>In the light of the discussion (and more) over at Fin Kennedy’s blog, I was going to write about how playwrights came together in the 90s to change the rules of engagement between theatres, funding bodies and writers. The playwrights could have concentrated on fighting each other for the diminishing number of new writing production slots, but they didn’t – they formed collectives and changed the theatrical landscape. Then I found this article by David Edgar which encapsulates most of what I wanted to say and points out that the collective impulse had started much earlier – so read that. David Eldridge’s reflection on the “and more” is also worth a read.
Playwrights may be individual artists, but there is common cause, whether it be the year on year business of re-negotiating standard contracts, collating and sharing information and research, campaigning for a broader vision, or a one off campaign to, say, shame the ACE for dropping the John Whiting Award. We don’t have to like each other’s work (or even each other), but there is common ground and it is important.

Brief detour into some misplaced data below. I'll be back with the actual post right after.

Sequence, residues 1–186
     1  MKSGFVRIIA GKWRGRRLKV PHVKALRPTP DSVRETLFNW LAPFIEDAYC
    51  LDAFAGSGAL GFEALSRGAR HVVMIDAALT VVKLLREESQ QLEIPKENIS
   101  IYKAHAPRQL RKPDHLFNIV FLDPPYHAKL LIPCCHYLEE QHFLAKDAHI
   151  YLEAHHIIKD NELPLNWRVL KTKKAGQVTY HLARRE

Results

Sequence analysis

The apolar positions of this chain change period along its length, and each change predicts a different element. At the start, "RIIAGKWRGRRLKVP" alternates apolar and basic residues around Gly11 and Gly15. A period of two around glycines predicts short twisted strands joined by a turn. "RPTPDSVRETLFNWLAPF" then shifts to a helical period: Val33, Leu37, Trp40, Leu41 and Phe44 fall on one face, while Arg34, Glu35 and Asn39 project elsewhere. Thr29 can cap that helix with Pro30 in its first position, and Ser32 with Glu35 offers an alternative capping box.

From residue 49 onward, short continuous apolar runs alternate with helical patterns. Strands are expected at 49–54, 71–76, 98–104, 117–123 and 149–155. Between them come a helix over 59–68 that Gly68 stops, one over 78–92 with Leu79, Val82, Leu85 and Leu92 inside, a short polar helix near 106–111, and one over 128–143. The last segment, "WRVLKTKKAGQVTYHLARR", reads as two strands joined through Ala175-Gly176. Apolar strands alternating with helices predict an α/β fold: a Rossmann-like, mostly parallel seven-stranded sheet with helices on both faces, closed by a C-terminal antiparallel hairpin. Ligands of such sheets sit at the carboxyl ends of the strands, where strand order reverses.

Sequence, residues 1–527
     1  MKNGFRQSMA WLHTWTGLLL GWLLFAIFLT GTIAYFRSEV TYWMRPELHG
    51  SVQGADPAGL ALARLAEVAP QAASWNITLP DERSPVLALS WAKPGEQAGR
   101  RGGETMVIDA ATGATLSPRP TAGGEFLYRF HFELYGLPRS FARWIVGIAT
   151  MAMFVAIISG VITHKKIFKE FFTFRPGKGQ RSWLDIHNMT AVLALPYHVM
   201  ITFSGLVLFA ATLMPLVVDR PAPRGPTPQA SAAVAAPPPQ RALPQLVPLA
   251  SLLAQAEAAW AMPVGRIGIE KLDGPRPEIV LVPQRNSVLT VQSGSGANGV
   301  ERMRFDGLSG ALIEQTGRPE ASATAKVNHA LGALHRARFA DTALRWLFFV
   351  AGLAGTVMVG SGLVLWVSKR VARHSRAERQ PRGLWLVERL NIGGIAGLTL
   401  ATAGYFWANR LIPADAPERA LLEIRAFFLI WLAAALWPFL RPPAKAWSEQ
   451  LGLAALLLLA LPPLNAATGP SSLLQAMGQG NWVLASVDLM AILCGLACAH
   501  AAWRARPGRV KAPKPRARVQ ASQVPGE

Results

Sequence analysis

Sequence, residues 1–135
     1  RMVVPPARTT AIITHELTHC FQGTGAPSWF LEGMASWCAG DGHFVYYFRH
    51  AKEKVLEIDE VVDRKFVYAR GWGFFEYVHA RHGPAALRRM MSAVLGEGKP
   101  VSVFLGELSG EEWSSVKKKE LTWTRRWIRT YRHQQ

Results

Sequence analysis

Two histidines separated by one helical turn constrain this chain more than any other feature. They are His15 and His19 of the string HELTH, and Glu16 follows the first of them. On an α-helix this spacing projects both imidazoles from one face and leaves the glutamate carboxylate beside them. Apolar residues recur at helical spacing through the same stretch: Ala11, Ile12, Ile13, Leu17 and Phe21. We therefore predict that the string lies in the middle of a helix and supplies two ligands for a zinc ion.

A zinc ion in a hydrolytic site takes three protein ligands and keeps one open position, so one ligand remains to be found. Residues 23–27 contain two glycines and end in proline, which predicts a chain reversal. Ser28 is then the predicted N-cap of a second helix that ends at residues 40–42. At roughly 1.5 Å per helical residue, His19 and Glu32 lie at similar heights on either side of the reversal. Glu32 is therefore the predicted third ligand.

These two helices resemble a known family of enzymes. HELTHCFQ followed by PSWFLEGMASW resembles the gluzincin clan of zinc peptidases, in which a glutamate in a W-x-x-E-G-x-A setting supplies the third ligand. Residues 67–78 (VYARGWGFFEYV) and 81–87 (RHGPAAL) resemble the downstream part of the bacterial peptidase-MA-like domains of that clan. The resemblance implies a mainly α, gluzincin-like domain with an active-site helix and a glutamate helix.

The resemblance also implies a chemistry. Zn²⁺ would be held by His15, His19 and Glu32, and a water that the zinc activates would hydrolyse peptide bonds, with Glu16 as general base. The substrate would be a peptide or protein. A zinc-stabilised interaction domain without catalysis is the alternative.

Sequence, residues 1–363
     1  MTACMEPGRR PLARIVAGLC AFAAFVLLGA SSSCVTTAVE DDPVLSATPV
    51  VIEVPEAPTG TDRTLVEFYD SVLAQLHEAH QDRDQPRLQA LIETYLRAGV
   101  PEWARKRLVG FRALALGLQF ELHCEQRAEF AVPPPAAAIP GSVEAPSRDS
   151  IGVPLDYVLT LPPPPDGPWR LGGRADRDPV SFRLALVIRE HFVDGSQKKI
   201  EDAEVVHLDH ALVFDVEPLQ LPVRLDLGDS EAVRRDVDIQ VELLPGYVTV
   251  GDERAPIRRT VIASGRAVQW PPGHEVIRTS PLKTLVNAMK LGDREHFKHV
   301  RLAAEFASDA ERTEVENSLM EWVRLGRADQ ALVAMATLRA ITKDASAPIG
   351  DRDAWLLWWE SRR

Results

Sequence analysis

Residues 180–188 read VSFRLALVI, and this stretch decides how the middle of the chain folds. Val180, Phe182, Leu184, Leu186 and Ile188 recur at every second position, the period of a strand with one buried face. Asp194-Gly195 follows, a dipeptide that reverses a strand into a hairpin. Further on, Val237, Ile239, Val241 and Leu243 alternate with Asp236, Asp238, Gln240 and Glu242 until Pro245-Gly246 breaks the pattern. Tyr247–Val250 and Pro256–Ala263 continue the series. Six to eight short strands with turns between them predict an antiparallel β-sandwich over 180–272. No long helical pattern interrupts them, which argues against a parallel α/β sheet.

I have scared myself with the portentousness of this. Next time I will write about the shed.
Meeting about the Birmingham Rep play tomorrow.
First verbal plumbing quote in.